Headlights: The Eyes of Your Automobile and NASCAR
Are your headlights aimed correctly?
According to the National Safety Council, the number of traffic deaths is three times greater at night than during the day. Since ninety percent of a driver's reaction depends on visibility, it is extremely important that your headlights are aimed correctly, are clean and are working.
If other drivers are flashing their lights at you, it could be a sign that your headlights are not adjusted correctly. Another telltale sign is when you cannot see the full road with your high or low beams.
Even if your lenses are only slightly off the mark it still reduces your ability to see, increases night time glare and throws off depth perception.
All the bouncing around your car does going over bumps and potholes will gradually throw your headlights out of adjustment. If you get into a small fender bender or are carrying a heavy load in the trunk, this will also throw off the aim of your headlights. Some high end automobiles aim their own headlights and some you can aim yourself using a level driveway, a screwdriver, measuring tape and patience. But most headlights need to be aimed at your local repair shop or dealer using their expensive, specialized headlight aiming equipment.
Why is night time driving more difficult?
It's all about the light. Without sunlight you just can't see as much during the night as you can during the daylight hours. Your headlights are the main source of light for your car, and this is the reason that having correctly aimed headlights that are clean and in working order are imperative.
Did you know that headlights lenses used to be made out of glass and now are made out of plastic?
Glass headlights only came in a limited number of sizes and shapes. If they cracked or broke, they had to be replaced. Approximately 10 years ago, automakers started using plastic headlight assemblies. The plastic material is easier to mold and the auto designers love it because the plastic lends itself to unlimited styles and reduce drag because of better aerodynamics.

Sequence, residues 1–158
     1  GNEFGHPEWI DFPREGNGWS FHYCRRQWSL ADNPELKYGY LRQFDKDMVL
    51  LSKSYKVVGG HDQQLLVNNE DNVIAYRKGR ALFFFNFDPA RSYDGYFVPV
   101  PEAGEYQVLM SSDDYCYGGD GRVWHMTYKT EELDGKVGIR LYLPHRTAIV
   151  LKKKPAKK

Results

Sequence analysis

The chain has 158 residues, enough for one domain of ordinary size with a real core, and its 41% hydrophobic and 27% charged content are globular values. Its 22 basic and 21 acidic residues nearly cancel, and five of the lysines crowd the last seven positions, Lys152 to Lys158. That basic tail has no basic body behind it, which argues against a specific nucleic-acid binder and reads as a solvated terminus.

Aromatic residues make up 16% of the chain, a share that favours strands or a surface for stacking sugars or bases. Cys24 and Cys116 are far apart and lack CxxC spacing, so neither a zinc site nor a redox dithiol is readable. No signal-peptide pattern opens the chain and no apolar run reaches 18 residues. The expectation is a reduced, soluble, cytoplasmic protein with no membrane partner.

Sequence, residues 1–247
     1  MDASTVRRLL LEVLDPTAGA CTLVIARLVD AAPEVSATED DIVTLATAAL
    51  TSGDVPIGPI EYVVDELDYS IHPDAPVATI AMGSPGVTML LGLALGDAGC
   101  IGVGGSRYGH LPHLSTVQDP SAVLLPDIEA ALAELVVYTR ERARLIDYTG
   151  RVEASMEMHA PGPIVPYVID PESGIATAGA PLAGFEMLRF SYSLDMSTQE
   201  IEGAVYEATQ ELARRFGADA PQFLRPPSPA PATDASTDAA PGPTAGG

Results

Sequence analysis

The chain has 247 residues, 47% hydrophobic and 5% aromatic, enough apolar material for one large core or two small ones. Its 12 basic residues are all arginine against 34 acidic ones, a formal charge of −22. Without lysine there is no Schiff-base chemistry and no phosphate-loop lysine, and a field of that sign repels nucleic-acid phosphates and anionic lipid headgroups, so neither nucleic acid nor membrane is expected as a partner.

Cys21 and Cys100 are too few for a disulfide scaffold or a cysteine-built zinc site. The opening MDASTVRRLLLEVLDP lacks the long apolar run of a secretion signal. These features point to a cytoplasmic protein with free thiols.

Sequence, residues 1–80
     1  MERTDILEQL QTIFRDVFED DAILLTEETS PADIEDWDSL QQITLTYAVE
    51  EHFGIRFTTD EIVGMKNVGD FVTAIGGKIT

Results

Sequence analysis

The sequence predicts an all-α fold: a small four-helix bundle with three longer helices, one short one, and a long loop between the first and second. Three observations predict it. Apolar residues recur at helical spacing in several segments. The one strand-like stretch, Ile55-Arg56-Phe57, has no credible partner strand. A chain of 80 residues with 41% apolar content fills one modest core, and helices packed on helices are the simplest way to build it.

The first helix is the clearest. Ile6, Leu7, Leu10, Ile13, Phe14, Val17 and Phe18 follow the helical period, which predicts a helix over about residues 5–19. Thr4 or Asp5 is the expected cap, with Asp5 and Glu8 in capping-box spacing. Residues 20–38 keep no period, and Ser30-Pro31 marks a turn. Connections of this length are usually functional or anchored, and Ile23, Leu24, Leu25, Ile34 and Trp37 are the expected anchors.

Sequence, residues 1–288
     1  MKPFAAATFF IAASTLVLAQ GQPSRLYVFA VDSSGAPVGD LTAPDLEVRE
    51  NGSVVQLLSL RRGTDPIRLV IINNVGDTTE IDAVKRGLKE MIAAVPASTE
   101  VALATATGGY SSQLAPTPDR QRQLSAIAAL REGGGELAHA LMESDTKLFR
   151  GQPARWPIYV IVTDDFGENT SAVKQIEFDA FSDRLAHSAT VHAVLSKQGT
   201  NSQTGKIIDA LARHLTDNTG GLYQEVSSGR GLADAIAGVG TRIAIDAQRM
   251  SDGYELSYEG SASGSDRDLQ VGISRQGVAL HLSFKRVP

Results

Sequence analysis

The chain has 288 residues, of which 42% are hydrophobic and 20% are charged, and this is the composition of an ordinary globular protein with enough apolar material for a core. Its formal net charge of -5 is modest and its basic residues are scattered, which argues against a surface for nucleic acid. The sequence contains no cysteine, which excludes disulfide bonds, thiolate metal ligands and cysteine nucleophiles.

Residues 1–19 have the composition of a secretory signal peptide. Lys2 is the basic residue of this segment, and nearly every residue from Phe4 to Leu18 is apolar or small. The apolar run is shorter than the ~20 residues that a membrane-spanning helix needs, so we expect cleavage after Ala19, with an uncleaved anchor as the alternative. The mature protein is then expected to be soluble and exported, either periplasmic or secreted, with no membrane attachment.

Unfortunately the plastic headlight lenses become yellow and cloudy overtime. In only 2-3 years the light output can be cut by 75 percent, which may make it unsafe to drive at night. What happens is that the sun's harsh UV rays, acid rain, harsh weather conditions, and chemicals all wear on the lenses. Plus, while driving, the lenses pick up dirt and grime. When the lights are on, the plastic gets hot and expands. After you are done driving you turn them off and the plastic cools and contracts. This can trap the dirt and grime on the lenses.
According to AAA Foundation for Traffic Safety, "An average of 9 out of every 10 cars on the road today has dirty or yellowed headlights that greatly reduce vision and need to be replaced, cleaned, and/or repaired."
Until recently, plastic headlights had to be replaced to correct this problem. The average replacement was on the average $200.00 each, not including installation and aiming. High end headlights can cost in excess of $350-$400 each.
When the headlights get cloudy and yellow, they will not pass the yearly Vermont State Inspection. Now a days, there are ways to repair cracks, repair leaks and even clean plastic headlight lenses. Consider having them restored at a fraction of the cost. When you have your headlights restored, you be able to see again! Plus, your car will pass state inspection, will look almost brand new, be safer to drive and give you piece of mind.
Can you do it yourself?
Sure you could. Would I? Nope. I do love to wash and clean my car inside and out on a beautiful summer day, but this is more then I want to do.
If you have a crack or leak and there is water inside the lenses, you need to get the water out and repair the crack. This involves removing the lense, drilling a hole to get out the water, drying out the inside, resealing the hole with a silicone seal and reinstalling the light.
If the lenses are just yellow and grimy, you can purchase a head light restoration kit, check out Sylvania for a good one. They range from $19.95 to $49.99. Most of the kits have you do 3 steps that involve a drill or a sander. Step one is cleaning, step two is polishing and step three is applying a surface sealant. It can take anywhere from half an hour to an hour per headlight.
Sylvania - NASCAR Sponsor for Sprint Cup Sylvania 300 2011 New Hampshire Motor Speedway.
You can also ask your friendly repair shop to do it for you. It costs approximately $50.00 per side. So depending on how you want to spend your time, you can do it yourself or have the shop do it for you.
To help slow down yellowing and clouding of headlights you can clean the headlights once a week and more often if necessary. Don't forget to clean the parking lights, back-up lights and turn signals too.
Amy writes a monthly column "Under The Hood" for Vermont Women Magazine, a newsletter called "Fuel For Thought", has an automotive blog: "www.amysgarage.com" and gives weekly automotive tips on two radio stations. Amy belongs to the Car Care Council's Women's Board, WAAI: Women's Automotive Association International, and Rotary International. She is on the automotive expert advisory panel for www.AskPatty.com, is on the board of WBON: Women Business Owner's Networking, and is Central Vermont 'Toys for Tots' Coordinator.
Amy puts on monthly Women Car Care Clinics at her shop, and has given workshops to other independent shops on "How to Improve Communication with your customers and Create Lasting, Top-Notch Customer Service."
Visit her online at http://www.autocraftsmen.com
Sylvania - NASCAR Sponsor for Sprint Cup Sylvania 300 2011 New Hampshire Motor Speedway
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